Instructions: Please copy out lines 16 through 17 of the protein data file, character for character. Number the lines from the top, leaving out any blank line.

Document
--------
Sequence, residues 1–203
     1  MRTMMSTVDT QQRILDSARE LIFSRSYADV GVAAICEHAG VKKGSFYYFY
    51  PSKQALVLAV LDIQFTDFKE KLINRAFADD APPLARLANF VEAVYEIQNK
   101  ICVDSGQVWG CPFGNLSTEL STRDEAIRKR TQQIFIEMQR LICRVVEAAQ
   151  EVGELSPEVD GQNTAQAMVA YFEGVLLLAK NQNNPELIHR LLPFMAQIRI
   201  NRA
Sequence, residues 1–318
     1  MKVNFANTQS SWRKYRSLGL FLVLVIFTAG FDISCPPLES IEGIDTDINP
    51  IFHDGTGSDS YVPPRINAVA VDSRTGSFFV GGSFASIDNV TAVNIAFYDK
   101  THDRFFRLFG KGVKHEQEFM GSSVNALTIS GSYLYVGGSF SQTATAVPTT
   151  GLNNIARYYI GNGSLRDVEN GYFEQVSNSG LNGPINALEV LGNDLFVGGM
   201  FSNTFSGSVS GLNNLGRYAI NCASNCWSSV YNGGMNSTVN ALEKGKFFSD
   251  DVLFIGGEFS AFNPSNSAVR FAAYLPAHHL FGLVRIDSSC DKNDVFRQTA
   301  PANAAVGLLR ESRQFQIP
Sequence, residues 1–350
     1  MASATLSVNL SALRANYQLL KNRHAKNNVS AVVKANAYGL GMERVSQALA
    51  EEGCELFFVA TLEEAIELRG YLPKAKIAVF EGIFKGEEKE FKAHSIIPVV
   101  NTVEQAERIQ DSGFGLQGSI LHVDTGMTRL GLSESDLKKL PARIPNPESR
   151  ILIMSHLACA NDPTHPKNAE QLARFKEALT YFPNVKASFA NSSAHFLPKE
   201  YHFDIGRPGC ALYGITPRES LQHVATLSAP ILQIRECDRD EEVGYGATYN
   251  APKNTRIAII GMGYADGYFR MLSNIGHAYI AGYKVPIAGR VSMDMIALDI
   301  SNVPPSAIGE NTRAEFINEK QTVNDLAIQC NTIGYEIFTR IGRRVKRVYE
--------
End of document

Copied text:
     1  MASATLSVNL SALRANYQLL KNRHAKNNVS AVVKANAYGL GMERVSQALA
    51  EEGCELFFVA TLEEAIELRG YLPKAKIAVF EGIFKGEEKE FKAHSIIPVV